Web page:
It’s quite obvious too that WBIE realizes the strength of this license. Monolith did its best to infuse every aspect of the game with Tolkienian ambiance, so you’ll often hear your hero spout one of his or her most famous quotes. Likewise, all the enemies and locations are drawn from Tolkien’s work (though to fit the MOBA arena mold, those locations rarely look as they did in either the books or Peter Jackson’s films). Even hero abilities are sourced directly from Tolkien, though aside from in-game descriptions these special attacks are surprisingly similar to one another. Whether that’s the result of lazy animators or the constraints of adhering to strict cooldown and attack timers isn’t apparent, though we doubt the reason will matter much to fans who wish to see each attack rendered as gloriously as possible.
Before we get to Guardians of Middle-earth’s key flaw, let’s get one thing straight: This is a very competent MOBA game. By strictly adhering to the basic tenets of the genre, Monolith has created a title that could hypothetically provide hours of competitive, multiplayer gaming to prospective players. The game’s skills are well designed, its heroes are varied yet well-balanced against one another, and each of the game’s arenas offers its own unique challenges. That said, the key problem with Guardians of Middle-earth is that outside of the Lord of the Rings license, it just doesn’t serve any particular purpose.
While we are impressed with how well Monolith was able to translate traditional MOBA controls to a console, we doubt anyone will argue that the control scheme Monolith designed is actually easier to use than its keyboard-based inspiration. There are simply too many buttons in this sort of game to keep track of for the standard Xbox 360 controller to properly keep up. It’s certainly possible to play this game and get good at it, but the missing buttons drastically increase the learning curve you’ll have to slog through to even be competent online.
That wouldn’t be an issue if Guardians of Middle-earth had an effectively infinite player pool willing to dedicate itself en masse to learning the game’s ins and outs (and thus providing a strong competitive community for a game that, for all intents and purposes, should be viewed as an online-only title), but here is the second area in which Guardians of Middle-earth bucks common MOBA trends: It isn’t free. The aforementioned League of Legends, a game that attracts hundreds of thousands of players on a daily basis, is available as a free to play title. By contrast, Guardians of Middle-earth will set you back $15. That price difference alone will go a long way toward negating this game’s success. Fewer players will be willing to try a $15 game than they would a free one, and thus the potential player base for Guardians of Middle-earth is necessarily limited. While we’re impressed that Monolith was so successful at creating Guardians of Middle-earth despite these hurdles, after spending time with the game we’re left wondering why exactly it needs to exist.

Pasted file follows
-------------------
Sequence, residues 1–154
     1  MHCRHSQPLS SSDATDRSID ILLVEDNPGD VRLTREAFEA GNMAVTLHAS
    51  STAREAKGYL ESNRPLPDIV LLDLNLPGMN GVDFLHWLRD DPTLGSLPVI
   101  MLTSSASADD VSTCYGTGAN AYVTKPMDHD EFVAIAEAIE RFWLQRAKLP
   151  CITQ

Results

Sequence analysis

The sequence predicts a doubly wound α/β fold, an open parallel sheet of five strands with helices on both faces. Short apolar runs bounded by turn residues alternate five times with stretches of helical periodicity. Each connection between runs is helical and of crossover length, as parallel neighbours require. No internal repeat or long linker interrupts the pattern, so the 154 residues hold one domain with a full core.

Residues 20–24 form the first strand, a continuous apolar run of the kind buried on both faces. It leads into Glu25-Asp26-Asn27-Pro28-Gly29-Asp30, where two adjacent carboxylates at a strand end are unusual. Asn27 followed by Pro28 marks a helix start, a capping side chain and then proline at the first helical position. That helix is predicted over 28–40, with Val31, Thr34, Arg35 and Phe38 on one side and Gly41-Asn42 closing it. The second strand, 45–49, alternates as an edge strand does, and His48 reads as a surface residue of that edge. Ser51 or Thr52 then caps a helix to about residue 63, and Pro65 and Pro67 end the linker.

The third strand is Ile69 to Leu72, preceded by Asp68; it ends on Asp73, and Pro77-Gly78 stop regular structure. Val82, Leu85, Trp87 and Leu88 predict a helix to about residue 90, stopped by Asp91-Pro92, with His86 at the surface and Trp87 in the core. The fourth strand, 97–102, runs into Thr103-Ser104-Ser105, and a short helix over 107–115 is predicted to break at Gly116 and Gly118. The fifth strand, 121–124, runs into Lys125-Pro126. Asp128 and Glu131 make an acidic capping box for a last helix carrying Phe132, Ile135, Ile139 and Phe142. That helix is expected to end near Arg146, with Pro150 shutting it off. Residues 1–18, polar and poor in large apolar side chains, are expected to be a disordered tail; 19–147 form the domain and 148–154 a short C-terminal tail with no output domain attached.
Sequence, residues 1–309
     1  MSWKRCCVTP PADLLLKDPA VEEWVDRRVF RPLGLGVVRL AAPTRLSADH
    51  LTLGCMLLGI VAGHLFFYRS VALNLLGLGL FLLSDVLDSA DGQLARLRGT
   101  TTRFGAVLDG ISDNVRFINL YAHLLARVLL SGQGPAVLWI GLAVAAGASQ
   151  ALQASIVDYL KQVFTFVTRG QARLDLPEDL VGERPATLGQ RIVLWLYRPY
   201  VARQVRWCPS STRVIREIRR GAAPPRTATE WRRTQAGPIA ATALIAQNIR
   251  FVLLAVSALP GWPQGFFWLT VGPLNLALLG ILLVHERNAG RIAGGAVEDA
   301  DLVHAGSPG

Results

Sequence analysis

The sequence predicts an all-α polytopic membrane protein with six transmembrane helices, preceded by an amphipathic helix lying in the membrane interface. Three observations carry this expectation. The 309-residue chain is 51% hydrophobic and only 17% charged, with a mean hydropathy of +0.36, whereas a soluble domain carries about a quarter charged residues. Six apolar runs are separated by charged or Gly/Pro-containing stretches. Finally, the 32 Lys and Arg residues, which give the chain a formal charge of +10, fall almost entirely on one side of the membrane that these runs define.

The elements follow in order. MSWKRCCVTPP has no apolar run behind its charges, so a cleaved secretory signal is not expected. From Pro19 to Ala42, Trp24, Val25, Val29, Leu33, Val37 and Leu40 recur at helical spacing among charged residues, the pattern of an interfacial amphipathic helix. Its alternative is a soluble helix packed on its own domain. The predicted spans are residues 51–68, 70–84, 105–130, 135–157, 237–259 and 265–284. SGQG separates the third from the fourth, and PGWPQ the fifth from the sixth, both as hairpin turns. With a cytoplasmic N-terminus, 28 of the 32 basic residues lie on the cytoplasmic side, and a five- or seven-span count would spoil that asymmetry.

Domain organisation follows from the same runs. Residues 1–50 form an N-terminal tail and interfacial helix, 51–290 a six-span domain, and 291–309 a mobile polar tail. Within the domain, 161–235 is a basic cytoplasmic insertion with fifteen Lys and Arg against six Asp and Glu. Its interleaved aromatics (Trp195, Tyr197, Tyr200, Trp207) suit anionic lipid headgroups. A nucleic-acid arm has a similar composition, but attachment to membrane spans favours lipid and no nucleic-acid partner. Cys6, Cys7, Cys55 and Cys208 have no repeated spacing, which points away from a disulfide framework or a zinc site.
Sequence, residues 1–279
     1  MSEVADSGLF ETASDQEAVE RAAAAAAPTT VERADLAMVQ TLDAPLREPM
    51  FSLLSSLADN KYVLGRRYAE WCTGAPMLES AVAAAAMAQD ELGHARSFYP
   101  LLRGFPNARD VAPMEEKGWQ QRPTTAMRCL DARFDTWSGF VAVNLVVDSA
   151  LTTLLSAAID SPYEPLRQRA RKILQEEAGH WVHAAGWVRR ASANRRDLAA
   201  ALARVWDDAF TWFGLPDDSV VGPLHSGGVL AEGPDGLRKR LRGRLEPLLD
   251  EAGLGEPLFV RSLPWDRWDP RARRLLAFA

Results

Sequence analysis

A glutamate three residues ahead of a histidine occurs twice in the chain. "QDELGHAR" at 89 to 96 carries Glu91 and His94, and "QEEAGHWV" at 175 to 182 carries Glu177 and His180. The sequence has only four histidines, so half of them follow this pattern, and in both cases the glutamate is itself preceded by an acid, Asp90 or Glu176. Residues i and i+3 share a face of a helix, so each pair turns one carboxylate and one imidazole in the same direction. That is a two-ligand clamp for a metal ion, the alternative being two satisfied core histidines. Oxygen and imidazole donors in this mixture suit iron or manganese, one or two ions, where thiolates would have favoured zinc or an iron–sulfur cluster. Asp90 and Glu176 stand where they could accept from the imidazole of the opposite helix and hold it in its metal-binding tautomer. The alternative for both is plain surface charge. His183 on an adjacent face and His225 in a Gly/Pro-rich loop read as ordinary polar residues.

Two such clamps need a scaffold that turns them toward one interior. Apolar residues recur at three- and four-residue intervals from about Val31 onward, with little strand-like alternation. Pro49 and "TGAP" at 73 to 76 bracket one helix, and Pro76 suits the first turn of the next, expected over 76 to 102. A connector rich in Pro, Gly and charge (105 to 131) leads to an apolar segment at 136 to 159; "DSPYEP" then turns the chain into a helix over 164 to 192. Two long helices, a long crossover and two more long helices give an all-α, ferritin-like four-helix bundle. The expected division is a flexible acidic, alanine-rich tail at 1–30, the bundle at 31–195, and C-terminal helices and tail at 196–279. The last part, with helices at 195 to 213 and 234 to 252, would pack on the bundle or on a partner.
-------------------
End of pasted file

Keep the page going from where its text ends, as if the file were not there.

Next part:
Guardians of Middle Earth is a perfectly serviceable, console-based multiplayer online battle arena title, and that’s the highest praise we’re able to pay it. It will certainly attract Lord of the Rings fans curious to watch their favorite heroes battle to the death in one of our most popular modern gaming genres, but outside of those devotees whose obsession can justify spending $15 for a relatively shallow clone of gameplay you can find in a number of free to play PC titles, we can’t imagine who might enjoy this game.
Maybe it’s not possible to create a console-based MOBA game. Maybe WBIE and Monolith were banking too hard on the potential profits to be had from a Lord of the Rings tie-in game. Maybe Sauron cursed this concept from the start. Whatever the reason, Guardians of Middle-earth, though a serviceable title, exists in a no man’s land of the gaming market in which it serves no real purpose. From a technical and conceptual stand point we mostly like the game, but beyond that we just can’t recommend Guardians of Middle-earth to anyone.
(Guardians of Middle Earth was reviewed using a downloadable XBLA copy of the game provided by EA.)